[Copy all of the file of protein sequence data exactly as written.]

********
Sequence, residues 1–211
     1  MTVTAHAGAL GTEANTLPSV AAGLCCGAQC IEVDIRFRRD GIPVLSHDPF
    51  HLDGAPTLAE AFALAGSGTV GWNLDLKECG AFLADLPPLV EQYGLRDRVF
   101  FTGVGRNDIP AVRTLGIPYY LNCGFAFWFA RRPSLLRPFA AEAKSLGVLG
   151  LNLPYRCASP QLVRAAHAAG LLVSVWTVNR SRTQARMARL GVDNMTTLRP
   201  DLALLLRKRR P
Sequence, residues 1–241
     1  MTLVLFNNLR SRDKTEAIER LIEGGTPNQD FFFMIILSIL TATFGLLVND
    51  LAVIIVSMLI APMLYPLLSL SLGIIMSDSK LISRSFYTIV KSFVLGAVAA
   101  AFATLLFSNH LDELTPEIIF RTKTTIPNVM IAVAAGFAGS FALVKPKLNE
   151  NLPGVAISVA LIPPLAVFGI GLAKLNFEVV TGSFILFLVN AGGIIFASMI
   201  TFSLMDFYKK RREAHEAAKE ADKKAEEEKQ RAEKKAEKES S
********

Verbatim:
Sequence, residues 1–211
     1  MTVTAHAGAL GTEANTLPSV AAGLCCGAQC IEVDIRFRRD GIPVLSHDPF
    51  HLDGAPTLAE AFALAGSGTV GWNLDLKECG AFLADLPPLV EQYGLRDRVF
   101  FTGVGRNDIP AVRTLGIPYY LNCGFAFWFA RRPSLLRPFA AEAKSLGVLG
   151  LNLPYRCASP QLVRAAHAAG LLVSVWTVNR SRTQARMARL GVDNMTTLRP
   201  DLALLLRKRR P
Sequence, residues 1–241
     1  MTLVLFNNLR SRDKTEAIER LIEGGTPNQD FFFMIILSIL TATFGLLVND
    51  LAVIIVSMLI APMLYPLLSL SLGIIMSDSK LISRSFYTIV KSFVLGAVAA
   101  AFATLLFSNH LDELTPEIIF RTKTTIPNVM IAVAAGFAGS FALVKPKLNE
   151  NLPGVAISVA LIPPLAVFGI GLAKLNFEVV TGSFILFLVN AGGIIFASMI
   201  TFSLMDFYKK RREAHEAAKE ADKKAEEEKQ RAEKKAEKES S